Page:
Notebook: Montana State coaching carryover helping provide stability

Montana State quarterback Matthew McKay runs a drill during the first day of spring practice Tuesday at Bobcat Stadium.

After Montana State found a new head coach, Troy Andersen received calls from people asking two essential questions.

What was newly hired Brent Vigen like? And would the other coaches stick around?

Andersen, an all-American athlete at MSU, was part of the head coaching search committee. He believed Vigen was a good person. He also was thrilled because he knew, for the most part, the Bobcats’ coaching staff would remain intact.

As the Bobcats took part in the third day of their spring practices Saturday, this has remained a crucial factor in their preparation for the fall season.

“We all loved our position coaches, and they’ve got us to where we’ve been,” Andersen said. “They know what we’re about, our culture and everything they bring to the table is awesome, so we’re really happy they’re back.”

Andersen and offensive lineman Lewis Kidd, two of MSU’s leaders, both expressed disappointment when previous head coach Jeff Choate departed to become a co-defensive coordinator at Texas.

Kidd was part of Choate’s first recruiting class about five years ago. He admitted it was tough seeing someone who led the program to the FCS semifinals just three years later take off. But Andersen and Kidd both understood why Choate would take up that opportunity.

Both of those players, as well as others, had a role in MSU’s search committee. Both of them appreciated they were a part of it and that athletic director Leon Costello listened to their input. They also gained a new appreciation for this sort of undertaking.

“It’s kind of interesting to have a first-hand experience of what the process is like, what different coaches bring to the table,” Kidd said. “You kind of get that different sense of who we liked, who we didn’t think was the best fit for the program at the time, whatever it was. It’s been awesome. Obviously with Coach Vigen, it’s been great. Different style than Coach Choate, but it’s awesome. It’s awesome to have a head coach who’s had a lot of experience.”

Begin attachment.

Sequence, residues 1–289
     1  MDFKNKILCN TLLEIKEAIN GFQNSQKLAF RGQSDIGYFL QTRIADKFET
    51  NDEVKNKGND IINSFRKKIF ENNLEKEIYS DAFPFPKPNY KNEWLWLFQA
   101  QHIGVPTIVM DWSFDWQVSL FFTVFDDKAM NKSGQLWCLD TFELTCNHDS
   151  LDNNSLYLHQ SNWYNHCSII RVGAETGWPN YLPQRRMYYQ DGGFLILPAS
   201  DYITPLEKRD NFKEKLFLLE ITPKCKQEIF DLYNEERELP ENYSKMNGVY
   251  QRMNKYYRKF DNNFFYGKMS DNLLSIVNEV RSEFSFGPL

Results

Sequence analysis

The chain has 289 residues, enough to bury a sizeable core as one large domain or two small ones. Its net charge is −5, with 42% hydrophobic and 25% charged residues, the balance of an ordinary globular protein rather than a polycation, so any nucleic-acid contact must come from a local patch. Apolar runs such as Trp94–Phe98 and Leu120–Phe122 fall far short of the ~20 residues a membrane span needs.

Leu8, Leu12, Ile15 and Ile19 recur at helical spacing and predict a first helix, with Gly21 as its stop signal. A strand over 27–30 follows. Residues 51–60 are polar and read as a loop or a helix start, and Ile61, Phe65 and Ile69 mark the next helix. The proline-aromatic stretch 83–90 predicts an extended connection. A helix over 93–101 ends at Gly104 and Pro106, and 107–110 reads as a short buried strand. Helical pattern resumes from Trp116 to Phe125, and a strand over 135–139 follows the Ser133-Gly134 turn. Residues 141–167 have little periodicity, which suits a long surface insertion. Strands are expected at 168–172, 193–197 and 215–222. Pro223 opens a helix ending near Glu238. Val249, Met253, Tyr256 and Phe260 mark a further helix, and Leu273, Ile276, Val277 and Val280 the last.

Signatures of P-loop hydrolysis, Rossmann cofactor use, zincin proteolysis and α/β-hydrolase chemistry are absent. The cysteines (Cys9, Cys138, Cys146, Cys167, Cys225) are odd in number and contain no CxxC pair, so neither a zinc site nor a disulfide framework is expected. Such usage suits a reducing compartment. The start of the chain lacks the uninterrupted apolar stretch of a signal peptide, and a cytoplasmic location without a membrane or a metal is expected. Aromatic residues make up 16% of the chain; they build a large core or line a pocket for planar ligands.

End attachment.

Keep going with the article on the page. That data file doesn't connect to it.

Andersen considers the change, including with new schemes, exciting. He feels like he’s a freshman again. He called it a change of scenery.

Kidd, who hasn’t been through a coaching change like this before, believed building relationships will continue to be vital.

“It’s been all signs moving forward,” Vigen said. “There’s been no resistance to the change whatsoever.”

Quarterback competition continues

Some things won’t change after Choate left and Vigen took over. The Bobcats, for another consecutive season, will have a quarterback battle.

Vigen acknowledged less than a week ago that at least five signal callers are in the mix to become the starter. That includes Tucker Rovig, Casey Bauman and Matthew McKay.

Rovig started most of MSU’s games in 2019, including throughout the Bobcats’ postseason run. Bauman was the team’s Day One starter that season until he was benched for Rovig. McKay transferred to MSU from North Carolina State following that season but has yet to play a game for the Bobcats.

Despite their histories and experiences, Vigen called the position’s situation a “clean slate.” He wants spring ball to provide competitive scenarios in order to identify who might thrive most with MSU’s new schemes.

“We’re really excited to get those guys out there,” Vigen said, “and no different than any other position, see how those guys would ultimately perform when the lights are on.”

Rather than select which quarterback will fit with his preferred style, Vigen is striving to designate which quarterback he believes is simply most skilled. Then the Bobcats will craft a game plan around that passer. He hopes the Bobcats have a strong sense of who the starter could be by the end of spring practices.

He admitted that’s difficult with a group of players who have varying strengths. MSU’s quarterbacks showed Saturday they’re comprehending the new schemes quickly.

“You’ve got to find the guy who’s most productive, and production comes in different forms,” Vigen said. “It can come from throwing the football, decision making, leadership, one’s ability to run the football and there’s more things beyond that. Who’s going to give us the best chance to win football games?”

Linebackers could be strength for Bobcats

Football has changed since Bobcats linebackers coach Bobby Daly was an all-American at that position at MSU. Rather than mammoth, bulky players, Daly wants athleticism for his position group. He believes the Bobcats have plenty of it.

With Andersen regaining health, MSU could be strong at linebacker in 2021. The Bobcats return Callahan O’Reilly, Nolan Askelson and Michael Jobman, who all have started games for the team and racked up tackles in the past. Vigen hinted Saturday that Amandre Williams, who was an all-Big Sky linebacker/lineman hybrid in 2019, and Daniel Hardy will play more as defensive linemen.

Daly hopes to be closer to establishing a depth chart by the end of spring ball. He believes MSU has several who will compete for playing time. He wants to pinpoint which players he would feel comfortable turning to.

“The guys who can be the most consistent, the guys who can make the most plays,” Daly said, “those are the guys who are competing for starting jobs when we roll into the fall.”